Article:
Staging Horse Photos

Staging the horse photograph, posing, positioning and timing!

Let’s talk about staging the horse photograph and what happens on location.  Staging the horse photograph is always something I plan out ahead of time if I know the backdrop.  As you may have guessed from my photos, there is not a lot of posing, per se, that I really do with the horse in the traditional sense.  I will definitely have the owner or trainer pose the horse if it is a photograph that will be used to advertise or sell the horse, announce a win of a competition, or to show off the horses achievement.  Those have come out very well and rely on the time of day for lighting the shot with natural light, picking out the right spot with a great backdrop to add some color, sense of depth and atmosphere to the photo.  I usually ask for the owner, or handler, to have all four hooves easily under the horse with the front hooves together and the rear hooves placed together like they are well balanced from head to hind end.  I research the breed to determine what characteristics need to be featured.El Pantero WF Tismeer Spanish Horses, photo by Jody Miller

Having fun during the photo shoot.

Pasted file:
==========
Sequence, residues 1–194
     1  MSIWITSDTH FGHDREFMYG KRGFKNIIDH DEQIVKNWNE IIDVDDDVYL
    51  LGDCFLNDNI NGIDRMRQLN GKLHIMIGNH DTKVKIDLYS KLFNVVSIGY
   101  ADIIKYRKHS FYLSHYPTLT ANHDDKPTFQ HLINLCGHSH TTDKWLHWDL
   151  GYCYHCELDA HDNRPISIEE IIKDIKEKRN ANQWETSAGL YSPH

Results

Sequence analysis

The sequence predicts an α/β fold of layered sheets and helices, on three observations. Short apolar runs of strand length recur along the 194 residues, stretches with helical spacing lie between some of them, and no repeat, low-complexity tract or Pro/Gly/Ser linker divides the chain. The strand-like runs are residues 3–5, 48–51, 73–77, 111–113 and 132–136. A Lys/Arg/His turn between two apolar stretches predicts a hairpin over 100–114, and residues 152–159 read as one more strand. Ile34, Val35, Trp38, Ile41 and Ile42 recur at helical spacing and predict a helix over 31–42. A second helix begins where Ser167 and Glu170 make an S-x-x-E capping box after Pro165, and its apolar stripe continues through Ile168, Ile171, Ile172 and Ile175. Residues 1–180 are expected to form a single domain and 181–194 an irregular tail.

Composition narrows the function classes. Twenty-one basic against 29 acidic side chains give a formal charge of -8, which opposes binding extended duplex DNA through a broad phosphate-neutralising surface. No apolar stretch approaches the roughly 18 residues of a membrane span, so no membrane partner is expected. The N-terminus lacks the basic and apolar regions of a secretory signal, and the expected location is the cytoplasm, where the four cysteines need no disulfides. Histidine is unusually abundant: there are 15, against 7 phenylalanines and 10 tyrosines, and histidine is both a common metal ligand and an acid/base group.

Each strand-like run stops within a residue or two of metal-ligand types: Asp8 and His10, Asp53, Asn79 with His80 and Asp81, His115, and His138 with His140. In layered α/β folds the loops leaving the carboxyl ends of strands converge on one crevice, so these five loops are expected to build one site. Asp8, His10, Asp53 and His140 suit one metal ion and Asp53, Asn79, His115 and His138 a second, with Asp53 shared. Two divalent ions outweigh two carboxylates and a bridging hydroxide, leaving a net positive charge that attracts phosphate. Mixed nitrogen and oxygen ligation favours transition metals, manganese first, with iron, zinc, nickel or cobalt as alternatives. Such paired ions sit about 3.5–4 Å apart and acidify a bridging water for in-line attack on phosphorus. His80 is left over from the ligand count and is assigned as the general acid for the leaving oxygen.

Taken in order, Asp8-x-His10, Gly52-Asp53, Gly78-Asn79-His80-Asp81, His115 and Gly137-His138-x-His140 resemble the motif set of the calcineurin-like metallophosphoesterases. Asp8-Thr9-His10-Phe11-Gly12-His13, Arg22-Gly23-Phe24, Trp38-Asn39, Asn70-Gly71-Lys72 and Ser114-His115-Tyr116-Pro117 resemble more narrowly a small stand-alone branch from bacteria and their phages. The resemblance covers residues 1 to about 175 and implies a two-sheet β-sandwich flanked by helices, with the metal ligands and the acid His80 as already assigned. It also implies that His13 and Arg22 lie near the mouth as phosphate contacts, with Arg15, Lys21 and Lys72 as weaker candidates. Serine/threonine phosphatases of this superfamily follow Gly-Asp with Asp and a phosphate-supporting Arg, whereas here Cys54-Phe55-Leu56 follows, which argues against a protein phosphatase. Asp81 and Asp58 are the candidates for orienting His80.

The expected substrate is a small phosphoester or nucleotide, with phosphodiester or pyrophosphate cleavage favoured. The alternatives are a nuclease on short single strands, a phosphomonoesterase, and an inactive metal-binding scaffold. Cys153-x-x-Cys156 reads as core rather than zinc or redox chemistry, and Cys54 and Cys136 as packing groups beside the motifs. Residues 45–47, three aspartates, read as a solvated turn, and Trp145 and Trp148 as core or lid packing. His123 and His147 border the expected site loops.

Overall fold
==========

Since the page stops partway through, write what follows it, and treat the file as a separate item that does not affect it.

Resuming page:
What I really enjoy though is not posing the horse.  I like photographing a horse on the move mostly.  If I have the room and the scenery to take my photographs of the horse with his mane and tail flowing as he runs, I will.  I will play with the angle of the light and adjust my position or wait until the horse moves into the proper light.  I may take a few steps to the left or right after I take a shot because I noticed that the tree looks like it is coming out of the horses head, or there are too many distractions in the background for my taste.  Overall I will look around and get a feel for the area that the horse may travel as I ask them to move for me.  Typically then the horse will take a path that I had not anticipated them taking.  I will move to accommodate the new path that the horse or horses have chosen as I photograph them.  Horses have a wonderful sense of humor when they are allowed to follow their own course.  This is when I take some time to just be with them and follow along through my camera.

I have some general ideas of what I think will look good in a photograph, but I leave enough fluidity throughout the entire shoot that I don’t get shut down with frustration at them.  If I feel like I really want the horses to come directly at me through a break in a couple of trees, then I will ask my assistant to move them through that space.  It really helps to have someone who can maneuver the horses around with some body language without driving them too deeply into the flight response that they get lathered up and are not feeling any connection.  I want them to be horses and to have some sense of play as I photograph them.  The facial expressions translate differently to me through the end photograph and I keep in mind that these will be photographs that people want to connect to the feeling of again and again.  If I can capture that sense of playful as they run around and snort and chase each other then it feels more fun in the moment and translates well in the photograph in the end results.